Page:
We just finished up nearly two weeks of rare temperatures on Haida Gwaii. Just like Vancouver has been getting pummeled by unlikely snow storms, to our dismay, so have we. Our March fish are much like our guests from sunny California: they hate the cold. When water temps edge toward 33 degrees, our fair-weathered ocean friends turn their noses up and push back out to seals-ville. Facing the relentless pursuit from seals and sea lions is even more appealing than gracing us with their presence in the rivers.
Without all the pesky hassles of having to net fish or be distacted by the loud sounds of barking reels I had extra time to reflect. I was able to reflect on the amazing differences of sounds in the rainforest when there is several feet of snow on the ground as opposed to green spongy moss, which is the norm. Sounds were so much louder and clearer, but was there scientific proof to this?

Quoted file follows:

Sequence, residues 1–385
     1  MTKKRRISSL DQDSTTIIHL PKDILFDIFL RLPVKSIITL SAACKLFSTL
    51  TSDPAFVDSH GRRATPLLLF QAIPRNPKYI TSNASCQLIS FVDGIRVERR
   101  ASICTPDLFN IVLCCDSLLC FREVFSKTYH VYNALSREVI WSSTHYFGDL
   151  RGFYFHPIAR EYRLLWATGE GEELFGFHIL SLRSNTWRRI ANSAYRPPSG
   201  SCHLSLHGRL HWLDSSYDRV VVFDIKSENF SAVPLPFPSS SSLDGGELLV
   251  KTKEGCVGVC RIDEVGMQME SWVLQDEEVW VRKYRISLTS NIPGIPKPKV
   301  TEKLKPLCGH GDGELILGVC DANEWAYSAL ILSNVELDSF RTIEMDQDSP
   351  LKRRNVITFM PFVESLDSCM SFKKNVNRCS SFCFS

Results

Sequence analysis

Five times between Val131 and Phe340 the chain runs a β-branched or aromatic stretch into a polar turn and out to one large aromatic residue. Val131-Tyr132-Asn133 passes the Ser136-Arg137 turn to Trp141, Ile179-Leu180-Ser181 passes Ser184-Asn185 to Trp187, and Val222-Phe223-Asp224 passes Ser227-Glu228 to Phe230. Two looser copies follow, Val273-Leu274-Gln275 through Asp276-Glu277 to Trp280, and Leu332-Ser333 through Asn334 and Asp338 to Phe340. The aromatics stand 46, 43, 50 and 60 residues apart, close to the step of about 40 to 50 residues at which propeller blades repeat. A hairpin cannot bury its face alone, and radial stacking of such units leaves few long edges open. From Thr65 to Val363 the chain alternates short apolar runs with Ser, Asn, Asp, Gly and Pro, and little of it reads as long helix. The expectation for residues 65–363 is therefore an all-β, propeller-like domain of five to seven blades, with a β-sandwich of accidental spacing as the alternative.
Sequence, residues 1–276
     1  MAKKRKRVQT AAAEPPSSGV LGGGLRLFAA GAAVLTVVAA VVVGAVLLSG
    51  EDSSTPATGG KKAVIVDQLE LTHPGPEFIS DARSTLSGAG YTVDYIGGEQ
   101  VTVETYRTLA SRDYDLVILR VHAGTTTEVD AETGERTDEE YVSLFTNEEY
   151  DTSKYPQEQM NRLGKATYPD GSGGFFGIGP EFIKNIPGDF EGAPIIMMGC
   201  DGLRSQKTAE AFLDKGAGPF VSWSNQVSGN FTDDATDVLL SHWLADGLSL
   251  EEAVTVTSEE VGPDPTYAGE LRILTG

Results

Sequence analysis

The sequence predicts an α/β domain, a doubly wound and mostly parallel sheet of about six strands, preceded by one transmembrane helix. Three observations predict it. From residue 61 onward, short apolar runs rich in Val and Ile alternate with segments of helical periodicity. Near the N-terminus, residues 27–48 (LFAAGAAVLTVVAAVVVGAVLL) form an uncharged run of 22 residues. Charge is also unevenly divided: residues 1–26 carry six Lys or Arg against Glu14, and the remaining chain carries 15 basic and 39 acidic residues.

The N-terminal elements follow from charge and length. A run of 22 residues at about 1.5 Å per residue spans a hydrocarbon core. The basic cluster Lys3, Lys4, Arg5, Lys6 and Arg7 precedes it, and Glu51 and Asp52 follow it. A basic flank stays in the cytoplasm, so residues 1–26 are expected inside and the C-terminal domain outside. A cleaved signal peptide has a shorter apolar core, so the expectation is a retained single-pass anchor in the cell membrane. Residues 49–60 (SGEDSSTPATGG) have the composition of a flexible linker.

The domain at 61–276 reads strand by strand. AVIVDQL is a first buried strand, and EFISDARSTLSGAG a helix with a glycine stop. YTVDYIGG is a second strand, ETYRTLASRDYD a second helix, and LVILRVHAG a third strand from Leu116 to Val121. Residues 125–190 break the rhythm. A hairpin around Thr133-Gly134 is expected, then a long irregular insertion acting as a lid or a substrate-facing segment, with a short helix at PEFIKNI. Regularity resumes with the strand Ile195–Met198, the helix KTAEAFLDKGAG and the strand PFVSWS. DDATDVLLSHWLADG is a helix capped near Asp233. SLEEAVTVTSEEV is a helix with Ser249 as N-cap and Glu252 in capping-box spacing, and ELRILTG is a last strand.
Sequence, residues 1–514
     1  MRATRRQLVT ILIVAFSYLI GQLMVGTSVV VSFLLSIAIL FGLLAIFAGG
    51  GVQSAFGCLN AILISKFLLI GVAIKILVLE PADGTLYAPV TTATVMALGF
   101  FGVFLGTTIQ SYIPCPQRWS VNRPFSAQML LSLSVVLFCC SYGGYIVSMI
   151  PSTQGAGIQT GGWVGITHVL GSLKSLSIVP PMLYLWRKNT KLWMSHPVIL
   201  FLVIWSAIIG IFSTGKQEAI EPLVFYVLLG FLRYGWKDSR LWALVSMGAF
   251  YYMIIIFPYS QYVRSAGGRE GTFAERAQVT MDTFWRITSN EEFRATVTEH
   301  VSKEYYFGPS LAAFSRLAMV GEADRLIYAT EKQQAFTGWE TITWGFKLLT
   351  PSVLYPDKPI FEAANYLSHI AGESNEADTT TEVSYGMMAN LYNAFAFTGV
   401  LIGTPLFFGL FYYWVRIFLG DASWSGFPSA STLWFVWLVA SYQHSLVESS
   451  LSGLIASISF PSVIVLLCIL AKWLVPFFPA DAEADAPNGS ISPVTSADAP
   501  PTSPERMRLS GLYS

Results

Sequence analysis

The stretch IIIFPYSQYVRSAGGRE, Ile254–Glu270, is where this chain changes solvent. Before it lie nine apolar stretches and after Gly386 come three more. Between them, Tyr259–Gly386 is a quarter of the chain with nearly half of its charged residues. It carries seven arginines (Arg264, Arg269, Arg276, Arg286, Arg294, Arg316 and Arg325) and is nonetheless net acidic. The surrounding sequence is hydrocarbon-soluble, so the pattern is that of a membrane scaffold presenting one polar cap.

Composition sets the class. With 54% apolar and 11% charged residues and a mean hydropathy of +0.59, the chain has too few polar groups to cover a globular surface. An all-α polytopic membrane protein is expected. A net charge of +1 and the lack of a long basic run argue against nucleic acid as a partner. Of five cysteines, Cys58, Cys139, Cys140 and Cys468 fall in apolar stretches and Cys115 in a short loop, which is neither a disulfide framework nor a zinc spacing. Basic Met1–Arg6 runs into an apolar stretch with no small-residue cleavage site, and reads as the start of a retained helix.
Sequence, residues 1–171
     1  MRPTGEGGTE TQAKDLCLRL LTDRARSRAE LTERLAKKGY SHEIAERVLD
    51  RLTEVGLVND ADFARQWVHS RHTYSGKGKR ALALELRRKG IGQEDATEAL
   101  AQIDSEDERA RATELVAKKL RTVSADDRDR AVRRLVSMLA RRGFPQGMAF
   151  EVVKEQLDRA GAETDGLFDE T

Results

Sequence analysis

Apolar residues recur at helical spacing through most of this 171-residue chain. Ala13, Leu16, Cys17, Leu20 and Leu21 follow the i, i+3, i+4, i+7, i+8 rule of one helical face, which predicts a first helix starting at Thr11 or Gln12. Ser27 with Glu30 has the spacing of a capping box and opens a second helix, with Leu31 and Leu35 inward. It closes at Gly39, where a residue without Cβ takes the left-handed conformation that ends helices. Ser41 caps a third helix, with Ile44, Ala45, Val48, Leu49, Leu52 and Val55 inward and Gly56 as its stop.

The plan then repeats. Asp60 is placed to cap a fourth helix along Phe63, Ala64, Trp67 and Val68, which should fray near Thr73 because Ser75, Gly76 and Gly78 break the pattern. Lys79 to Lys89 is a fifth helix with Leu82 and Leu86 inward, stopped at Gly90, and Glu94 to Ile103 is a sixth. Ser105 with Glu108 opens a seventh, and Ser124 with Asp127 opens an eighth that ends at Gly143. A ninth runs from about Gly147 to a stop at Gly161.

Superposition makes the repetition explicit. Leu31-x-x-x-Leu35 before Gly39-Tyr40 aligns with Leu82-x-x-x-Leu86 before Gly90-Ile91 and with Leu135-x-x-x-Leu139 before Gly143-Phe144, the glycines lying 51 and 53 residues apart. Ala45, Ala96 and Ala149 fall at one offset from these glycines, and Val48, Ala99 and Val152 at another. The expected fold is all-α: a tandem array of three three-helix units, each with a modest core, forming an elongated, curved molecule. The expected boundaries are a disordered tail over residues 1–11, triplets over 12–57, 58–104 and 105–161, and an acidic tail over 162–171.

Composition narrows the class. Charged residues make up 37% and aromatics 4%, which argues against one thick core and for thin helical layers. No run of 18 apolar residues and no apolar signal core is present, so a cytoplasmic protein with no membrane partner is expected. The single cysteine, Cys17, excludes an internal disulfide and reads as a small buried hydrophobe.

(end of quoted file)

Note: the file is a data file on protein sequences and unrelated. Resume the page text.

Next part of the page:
Absent of wind in the rainforest, it is generally amazing how loud each sound can carry. When you combine no wind with the cold blanket of snow, a pin drop echoes like a roughing the passer whistle when the qb is Aaron Rodgers .
The truth is that, when the ground has a thick layer of smooth and hard snow, the surface will actually help reflect sound waves. Sounds seem clearer and travel farther under these circumstances.
The problem with this is that, when my guests ask “Why is the fishing so slow?” and “I can’t believe how dead it is,” I can hear them even louder than if there wasn’t any snow. But if there wasn’t any snow, we would be catching fish. Science pretty much shows that, when it snows here, you don’t catch as many fish, and you hear your guests complain about it at incredibly loud decibel levels. Just one of those evil facts of mother nature I guess.